Sudden death, in a good number of cases, has been attributed to a heart attack, also medically known as a myocardial infarction. Technically the heart attack is not a cause of death but rather the injury or disease that precipitated the attack.
The heart, like any other organ in the body, needs oxygen-containing blood to perform its function, and most of this blood is supplied through blood vessels, specifically, the coronary arteries.
Diseases of these arteries are common causes of heart attacks, and these diseases are collectively known as Coronary Artery Disease (CAD). Any condition that impairs or impedes the passage of blood through these arteries can potentially cause a heart attack. The most common of these conditions, arteriosclerosis, is narrowing of the lumen of these vessels due to accumulation of “fat” or fatty streaks.
Although not all heart attacks are fatal, some massive heart attacks can be fatal and when death is attributed to a heart attack, evidence of such a disease or injury will be found at a post-mortem examination.
The post-mortem examination
The diagnosis of a heart attack may be straight forward if an occlusion is clearly demonstrated at a post-mortem examination but challenging especially when there is no evidence of an occlusion of the blood vessels.
A proper diagnosis may require a thorough post-mortem and careful examination of the heart, including examination of the tissues of the heart under the microscope (histology).
The areas of the heart muscle that may have been injured as a result of the occlusion will be seen during a histology examination and this is very important in making a diagnosis of a heart attack
However the most recent developments in diagnosis of a heart attack at post-mortem are non-invasive, in that the heart may not be dissected out of the body, but special imaging techniques may be used to demonstrate the areas where the blood vessels may have been occluded. In some situations, these diagnostic modalities alone may prove inadequate or insufficient to explain a clinical suspicion of a heart attack.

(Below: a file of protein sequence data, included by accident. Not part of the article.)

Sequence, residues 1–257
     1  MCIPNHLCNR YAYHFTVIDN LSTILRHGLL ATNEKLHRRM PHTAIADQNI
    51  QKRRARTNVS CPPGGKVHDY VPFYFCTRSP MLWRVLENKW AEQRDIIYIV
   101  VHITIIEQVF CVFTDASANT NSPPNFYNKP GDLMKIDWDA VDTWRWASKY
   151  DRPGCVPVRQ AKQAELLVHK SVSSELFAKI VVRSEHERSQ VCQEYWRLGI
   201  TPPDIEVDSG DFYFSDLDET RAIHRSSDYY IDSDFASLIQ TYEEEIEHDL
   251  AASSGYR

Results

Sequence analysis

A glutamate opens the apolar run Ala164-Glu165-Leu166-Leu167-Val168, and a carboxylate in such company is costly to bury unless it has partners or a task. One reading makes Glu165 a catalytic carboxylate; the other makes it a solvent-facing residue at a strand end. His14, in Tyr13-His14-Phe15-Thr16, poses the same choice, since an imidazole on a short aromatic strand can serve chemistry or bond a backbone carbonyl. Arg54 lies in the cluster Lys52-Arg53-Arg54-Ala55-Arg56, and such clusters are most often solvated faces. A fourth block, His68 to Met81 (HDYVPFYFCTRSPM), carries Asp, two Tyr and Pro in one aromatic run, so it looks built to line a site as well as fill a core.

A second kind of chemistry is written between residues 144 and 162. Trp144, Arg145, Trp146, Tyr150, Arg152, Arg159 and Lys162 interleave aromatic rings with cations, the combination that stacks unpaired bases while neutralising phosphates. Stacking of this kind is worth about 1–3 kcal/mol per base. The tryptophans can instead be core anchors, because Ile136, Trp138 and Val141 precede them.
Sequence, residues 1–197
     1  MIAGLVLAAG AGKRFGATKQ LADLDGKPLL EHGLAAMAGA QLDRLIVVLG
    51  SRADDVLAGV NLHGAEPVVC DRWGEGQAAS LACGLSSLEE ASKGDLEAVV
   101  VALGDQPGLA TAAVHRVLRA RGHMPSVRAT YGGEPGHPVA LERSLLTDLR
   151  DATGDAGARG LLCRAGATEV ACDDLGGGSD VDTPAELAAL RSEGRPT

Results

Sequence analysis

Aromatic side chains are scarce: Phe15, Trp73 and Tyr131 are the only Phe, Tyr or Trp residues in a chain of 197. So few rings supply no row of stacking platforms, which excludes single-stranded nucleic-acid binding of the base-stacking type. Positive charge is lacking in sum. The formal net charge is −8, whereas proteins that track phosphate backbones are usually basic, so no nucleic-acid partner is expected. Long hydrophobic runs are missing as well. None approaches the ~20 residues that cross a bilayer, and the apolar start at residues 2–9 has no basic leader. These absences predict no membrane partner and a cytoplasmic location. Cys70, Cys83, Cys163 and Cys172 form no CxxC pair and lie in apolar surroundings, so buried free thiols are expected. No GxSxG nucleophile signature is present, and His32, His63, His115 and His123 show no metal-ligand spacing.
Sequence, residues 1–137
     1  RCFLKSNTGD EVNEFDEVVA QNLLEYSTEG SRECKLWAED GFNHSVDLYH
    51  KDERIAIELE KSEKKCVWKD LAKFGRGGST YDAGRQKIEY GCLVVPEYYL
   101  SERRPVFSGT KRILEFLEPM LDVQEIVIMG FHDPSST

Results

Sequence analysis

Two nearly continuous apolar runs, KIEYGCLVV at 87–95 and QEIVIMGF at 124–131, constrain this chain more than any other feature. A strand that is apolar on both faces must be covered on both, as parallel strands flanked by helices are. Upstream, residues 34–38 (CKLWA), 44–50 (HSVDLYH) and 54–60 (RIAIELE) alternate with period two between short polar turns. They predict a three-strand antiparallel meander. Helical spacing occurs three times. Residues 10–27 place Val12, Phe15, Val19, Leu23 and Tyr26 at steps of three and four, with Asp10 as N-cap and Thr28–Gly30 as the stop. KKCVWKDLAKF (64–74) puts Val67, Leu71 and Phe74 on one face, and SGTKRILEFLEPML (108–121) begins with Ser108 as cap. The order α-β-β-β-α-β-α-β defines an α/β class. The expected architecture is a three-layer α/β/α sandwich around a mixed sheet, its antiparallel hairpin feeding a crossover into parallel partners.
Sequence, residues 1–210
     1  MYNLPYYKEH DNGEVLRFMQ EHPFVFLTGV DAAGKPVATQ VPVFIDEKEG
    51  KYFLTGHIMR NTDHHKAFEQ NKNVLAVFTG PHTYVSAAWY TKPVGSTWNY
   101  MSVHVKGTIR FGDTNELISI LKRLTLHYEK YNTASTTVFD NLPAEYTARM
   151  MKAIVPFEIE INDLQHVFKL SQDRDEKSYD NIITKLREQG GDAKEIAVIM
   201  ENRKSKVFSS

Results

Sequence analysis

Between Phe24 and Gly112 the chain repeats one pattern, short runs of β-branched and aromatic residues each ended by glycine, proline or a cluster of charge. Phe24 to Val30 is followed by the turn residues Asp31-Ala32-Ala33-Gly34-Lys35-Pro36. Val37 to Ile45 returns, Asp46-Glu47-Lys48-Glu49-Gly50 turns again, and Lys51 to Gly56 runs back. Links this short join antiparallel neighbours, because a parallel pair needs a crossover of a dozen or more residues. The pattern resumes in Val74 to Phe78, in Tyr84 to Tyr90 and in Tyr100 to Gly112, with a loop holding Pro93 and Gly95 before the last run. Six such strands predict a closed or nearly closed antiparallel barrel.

Not all heart attacks will lead to death instantly; some patients die hours or days after the onset of a heart attack. These patients will have medical evidence of a heart attack, including the signs of the disease and the results of investigations carried out. Some of the investigations include monitoring the electrical activity of the heart and raised levels of chemicals, known as bio-markers, produced by the damaged heart muscles.
There are, however, other causes of injury to the heart other than a heart attack and caution should be exercised when interpreting such results. It is for this reason that the history of the illness is important. Not every patient with a heart disease will die of a myocardial infarction.
The most frequent cause of an acute occlusion of an artery of the heart has been found to be a thrombotic mass, including a blood clot, and this has been seen in approximately 50-70 per cent of sudden coronary deaths. The acute occlusion may trigger abnormal electrical activity of the heart which will result into death. In such a case the overt injury to the tissues of the heart may be difficult to see.
The general rule is that the main coronary arteries and their branches must be carefully examined at the post-mortem examination, not only to identify what may have caused the occlusion, but also to examine if the vessels are narrowed or not.
These vessels should be sampled out and examined under the microscope. When a lumen of a blood vessel is narrowed to less than 75 per cent of its expected diameter, this is considered critical.
A blood vessel of the heart may undergo an intense constriction as a result of a spasm and this may cause occlusion of the coronary artery. The presence of an area of dead heart muscles could point towards spasm in the artery when no other explanation for the infarction is provided. Spasms have been known to occur in arteries that are occluded.
Spasms of the blood vessels of the heart have also been triggered by drugs such as cocaine and amphetamines, and physical and mental stress. These can, as a result, precipitate heart attacks.
Heart attacks may be triggered by other disease of the small blood vessels, especially when the heart is diseased. High blood pressure, alcohol, and diseases of the lungs may all affect the heart and diseased heart is more at risk of a heart attack than a normal heart. Surprisingly, even surgical procedures to correct an occluded blood vessel of the heart may trigger a heart attack.
Evidence of a heart attack
Irreversible damage of the heart muscle will invariably occur during a heart attack and this is the evidence that must be presented if a person is said to have died of a heart attack. The area of damage will indicate which vessel of the heart was responsible for the attack.